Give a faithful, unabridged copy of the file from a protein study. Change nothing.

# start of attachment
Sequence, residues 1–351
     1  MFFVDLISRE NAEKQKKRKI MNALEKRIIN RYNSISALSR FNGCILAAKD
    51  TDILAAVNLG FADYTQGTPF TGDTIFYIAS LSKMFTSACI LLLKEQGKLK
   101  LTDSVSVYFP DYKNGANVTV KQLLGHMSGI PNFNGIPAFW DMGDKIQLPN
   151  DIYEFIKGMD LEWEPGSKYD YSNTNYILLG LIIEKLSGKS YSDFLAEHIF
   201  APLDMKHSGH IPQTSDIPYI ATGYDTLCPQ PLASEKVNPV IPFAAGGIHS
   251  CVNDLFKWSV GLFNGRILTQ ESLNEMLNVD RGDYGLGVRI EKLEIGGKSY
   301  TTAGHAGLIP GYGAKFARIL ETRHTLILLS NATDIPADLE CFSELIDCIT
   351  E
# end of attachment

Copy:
Sequence, residues 1–351
     1  MFFVDLISRE NAEKQKKRKI MNALEKRIIN RYNSISALSR FNGCILAAKD
    51  TDILAAVNLG FADYTQGTPF TGDTIFYIAS LSKMFTSACI LLLKEQGKLK
   101  LTDSVSVYFP DYKNGANVTV KQLLGHMSGI PNFNGIPAFW DMGDKIQLPN
   151  DIYEFIKGMD LEWEPGSKYD YSNTNYILLG LIIEKLSGKS YSDFLAEHIF
   201  APLDMKHSGH IPQTSDIPYI ATGYDTLCPQ PLASEKVNPV IPFAAGGIHS
   251  CVNDLFKWSV GLFNGRILTQ ESLNEMLNVD RGDYGLGVRI EKLEIGGKSY
   301  TTAGHAGLIP GYGAKFARIL ETRHTLILLS NATDIPADLE CFSELIDCIT
   351  E